Hyper-Masculine behavior among Iron Age Scandinavian men

A recurring topic at TOO is what northwest Europeans were like before Christianity and before modernity. This excerpt is from Lotte Hedeager, Iron Age Myth and Materiality: An Archeology of Scandinavia, AD 400–1000 (London: Routledge, 2011), 115ff. It paints a picture of a hyper-masculine, completely militarized society in which male sexual penetration was a marker of power, while being penetrated was, for a male, the ultimate insult. Accusing a man of having been sodomized was a grievous accusation, with the same penalty as for murder. Older males lacking the power or ability to penetrate took on the status of women and were even ridiculed by slaves. Women were spoils of warfare and raiding. The implication is that the social ties within the Mannerbunde did not involve homosexual sex, but Hedeager claims that there is evidence that, in some groups at least, attraction to young boys was common.

The Power of Penetration

In the Norwegian Gulathings law, outlawry was the penalty if a man accused another of being sannsor∂enn (provably sodomised).

Also, full personal compensation must be paid if a person says to another man that he has given birth to a child. The third is if he compares him to a mare, or calls him a bitch or a harlot, or compares him with the female of any kind of animal. … Then he can also kill the man as an outlaw as a payback for those words that I have now spoken, if he takes a witness to them. (Gulathings law 196) …

 The same accusation is listed in Norwegian laws, that is, the Gulathing law.  Both stro∂inn and sor∂inn refer explicitly to the sex act in which a man played the passive role, while the other performed the action of stre∂a or ser∂a, indicating the male role in intercourse. The sexual meaning of ragr instead implied the general condition of being effeminate (Jochens 1998: 74). … Thus, concerning an accusation against somebody (implicitly a man) taking the form of sexual defamation (ní∂), the law not only prohibited it, but the maximum penalty for this crime equated with the penalty for murder. The outrage always demanded revenge and the insult might simply have been meant as a challenge to fight (Meulengracht Sørensen 1992: 199). …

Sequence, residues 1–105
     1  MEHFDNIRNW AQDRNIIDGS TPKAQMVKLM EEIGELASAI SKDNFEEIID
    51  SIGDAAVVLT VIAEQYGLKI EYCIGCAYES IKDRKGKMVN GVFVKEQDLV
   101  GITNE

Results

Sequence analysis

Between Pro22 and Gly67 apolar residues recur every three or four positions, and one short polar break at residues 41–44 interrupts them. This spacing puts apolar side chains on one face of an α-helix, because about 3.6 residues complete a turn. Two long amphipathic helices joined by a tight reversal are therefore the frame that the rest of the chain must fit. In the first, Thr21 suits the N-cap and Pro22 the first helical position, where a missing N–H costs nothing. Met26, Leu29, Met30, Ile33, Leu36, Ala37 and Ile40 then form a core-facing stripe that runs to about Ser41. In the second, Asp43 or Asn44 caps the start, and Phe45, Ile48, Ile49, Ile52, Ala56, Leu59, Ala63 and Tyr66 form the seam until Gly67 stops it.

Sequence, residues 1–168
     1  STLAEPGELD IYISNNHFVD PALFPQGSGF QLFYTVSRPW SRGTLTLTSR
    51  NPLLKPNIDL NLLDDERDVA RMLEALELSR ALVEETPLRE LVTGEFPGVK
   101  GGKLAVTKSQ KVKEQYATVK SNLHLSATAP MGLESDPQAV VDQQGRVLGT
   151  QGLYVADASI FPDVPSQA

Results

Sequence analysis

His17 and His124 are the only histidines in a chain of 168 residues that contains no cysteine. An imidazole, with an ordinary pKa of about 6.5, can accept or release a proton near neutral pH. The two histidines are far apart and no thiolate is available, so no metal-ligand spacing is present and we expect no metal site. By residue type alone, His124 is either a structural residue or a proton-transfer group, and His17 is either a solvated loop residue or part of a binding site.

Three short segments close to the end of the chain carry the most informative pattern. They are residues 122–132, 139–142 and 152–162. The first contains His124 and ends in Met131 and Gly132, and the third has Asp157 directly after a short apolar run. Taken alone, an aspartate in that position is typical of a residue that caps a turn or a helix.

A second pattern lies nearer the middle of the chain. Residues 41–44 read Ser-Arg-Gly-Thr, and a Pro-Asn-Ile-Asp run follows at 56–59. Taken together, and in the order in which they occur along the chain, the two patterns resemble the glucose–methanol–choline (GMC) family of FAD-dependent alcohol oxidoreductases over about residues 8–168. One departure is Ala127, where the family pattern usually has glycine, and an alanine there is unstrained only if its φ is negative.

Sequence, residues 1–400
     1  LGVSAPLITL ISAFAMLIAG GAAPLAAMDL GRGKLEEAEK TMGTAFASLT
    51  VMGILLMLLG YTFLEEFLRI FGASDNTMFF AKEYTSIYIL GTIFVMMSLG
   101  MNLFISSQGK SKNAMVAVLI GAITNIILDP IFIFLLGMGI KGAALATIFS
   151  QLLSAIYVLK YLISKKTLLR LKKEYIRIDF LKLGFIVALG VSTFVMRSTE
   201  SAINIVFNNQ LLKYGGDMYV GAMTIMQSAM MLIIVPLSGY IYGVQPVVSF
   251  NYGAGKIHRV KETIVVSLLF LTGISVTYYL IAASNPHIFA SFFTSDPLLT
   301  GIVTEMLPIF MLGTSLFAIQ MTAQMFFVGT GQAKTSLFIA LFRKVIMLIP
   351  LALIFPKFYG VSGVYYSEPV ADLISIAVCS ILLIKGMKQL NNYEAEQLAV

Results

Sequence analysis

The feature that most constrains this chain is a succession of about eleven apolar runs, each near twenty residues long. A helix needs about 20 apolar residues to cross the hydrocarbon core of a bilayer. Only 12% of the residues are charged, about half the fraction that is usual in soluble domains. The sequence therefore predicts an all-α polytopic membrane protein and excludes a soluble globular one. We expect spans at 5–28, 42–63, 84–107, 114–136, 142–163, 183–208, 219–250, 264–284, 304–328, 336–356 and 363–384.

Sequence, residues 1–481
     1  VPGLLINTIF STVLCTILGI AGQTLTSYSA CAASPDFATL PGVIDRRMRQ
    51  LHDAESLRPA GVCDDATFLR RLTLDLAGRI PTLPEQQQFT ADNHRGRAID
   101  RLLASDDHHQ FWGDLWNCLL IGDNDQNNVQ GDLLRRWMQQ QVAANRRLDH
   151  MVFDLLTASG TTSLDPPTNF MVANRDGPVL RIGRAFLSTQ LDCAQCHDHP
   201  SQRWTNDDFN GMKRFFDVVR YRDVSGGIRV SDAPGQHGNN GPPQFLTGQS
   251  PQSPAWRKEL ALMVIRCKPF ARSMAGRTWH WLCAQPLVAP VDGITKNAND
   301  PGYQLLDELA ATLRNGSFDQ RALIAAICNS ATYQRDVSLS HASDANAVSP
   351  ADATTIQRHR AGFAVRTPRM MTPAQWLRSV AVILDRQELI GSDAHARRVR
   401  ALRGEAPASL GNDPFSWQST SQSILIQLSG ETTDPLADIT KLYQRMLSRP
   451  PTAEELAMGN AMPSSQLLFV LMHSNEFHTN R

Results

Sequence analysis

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It is commonly accepted among scholars that ∂ was not a question of biological reality (after all, pregnant and childbearing men are metaphorical constructions); it was instead a sophisticated form of gendered insult, to be equated with the ‘murder’ of someone’s honour. That is why ni∂ has the secondary meaning of death. The conceptualisation of ∂ is aimed at the person who was suspected of being the object of sexual penetration, whether man, woman, or animal. The masculinity of the practitioner is not the moral problem. In Old Norse society the physical act of penetration had no moral connotations, neither if one man penetrates another, turning his anus into a vagina (and metaphorically making him pregnant), nor if he practised sodomy, called tidelag. What was deeply defamatory, however, was to accuse a man of having being subject to penetration by another man – or a male animal – or of being transformed into a female or a female animal. The ni∂ was subjected to a transformation into ‘female’, not specifically into an animal (Solli 2002: 143). In short, ∂ is an accusation of unmanliness and softness, that is, the person is argr (ergi, ergjask, ragr, etc.) (Clover 1993: 385; Meulengracht Søre (116) sexual terminology as a mark of identity, although the word may relate to a practice within a fl uid sexual system.  …

There was nothing in Greek culture – whether in art, law, or cult – which suggested that heterosexuality was natural and homosexuality unnatural. The Greeks regarded male homosexual desire as a natural part of life, and it was solely the differentiation between the active and the passive role in same-sex relations which was of profound importance (Dover 1989). The Gothic people, the Heruli, and the Scythians are all said to have practised pederasty between warriors and boys. However, by slaying a bear or a wild boar as part of an initiation ritual, boys achieved manhood and were no longer the target of male desire (Wolfram 1990: 107f.). The moral distinction that mattered was that between male prostitution and a homosexual ethos – the first prohibited by law (to Athenian citizens), the second regarded as part of nature (Dover 1989). …